Culture Shock and Homesickness

When I moved to Europe it was like I was completing a piece of me. I moved here with my son to join the new man in my life and create a family. Everything about Holland captured my heart. I enjoyed the history, the culture, the language...riding a bike and learning to be a wife. It took me four or five months to really fall into a stage of homesickness and culture shock. And when I did, it didn't even hit me very hard. I missed my family in America, I become a more patriotic person to my home country, and I treasured those special packages from home with little goodies and treats I missed. But I was also enjoying my new life and fell easily into the role of stay at home om and wife, of a student in language classes.

When we moved to Belgium three years after my big move to Europe, the culture shock and homesickness and pity party began. I think moving to yet another country with another language, another culture within such a short time was just too much. The first year I lived in Belgium was the hardest since my move to Europe. I was overwhelmed by everything, fell into depression, and never left the house unless it was absolutely necessary. I felt miserable, and our situation with Kaeden had accelerated, adding to my discomfort. I called my mom nearly daily in sobs.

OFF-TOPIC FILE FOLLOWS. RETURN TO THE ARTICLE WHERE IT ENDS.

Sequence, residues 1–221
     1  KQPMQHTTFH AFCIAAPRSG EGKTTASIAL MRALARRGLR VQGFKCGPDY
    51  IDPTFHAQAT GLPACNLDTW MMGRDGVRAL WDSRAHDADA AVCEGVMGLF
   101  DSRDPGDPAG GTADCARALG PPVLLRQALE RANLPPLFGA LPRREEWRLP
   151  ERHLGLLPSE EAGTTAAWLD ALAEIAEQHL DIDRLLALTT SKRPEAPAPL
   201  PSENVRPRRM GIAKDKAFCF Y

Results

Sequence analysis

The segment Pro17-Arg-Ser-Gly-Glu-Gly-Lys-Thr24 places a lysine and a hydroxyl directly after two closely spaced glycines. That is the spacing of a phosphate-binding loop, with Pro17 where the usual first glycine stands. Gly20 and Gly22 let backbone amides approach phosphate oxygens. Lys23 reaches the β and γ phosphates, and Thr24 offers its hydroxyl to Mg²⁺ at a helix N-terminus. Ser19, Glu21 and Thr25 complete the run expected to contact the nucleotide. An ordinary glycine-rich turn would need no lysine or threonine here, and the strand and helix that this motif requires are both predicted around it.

Then, after that first year, things started falling into place a bit more. Belgium has never quite given me that easy comfortable feeling of home like I had when moving to Holland. However, the country has grown on me, I have learned to understand the people, and all the little societal rules have fallen into a pattern in my brain. Belgium is home, though it has taken a lot of effort getting it to this point. I have created a few friendships, gotten involved in the village, as well as found a comfort level with the mothers of Jari's friends. Soccer has given me another common activity with members of our community. I know what the different foods are, I can use my bank cards, and have deciphered the medical and insurance systems in place. Yet, even now, I find myself being sucked into the confines of home, having to force myself to open up the windows and head out into the fresh air.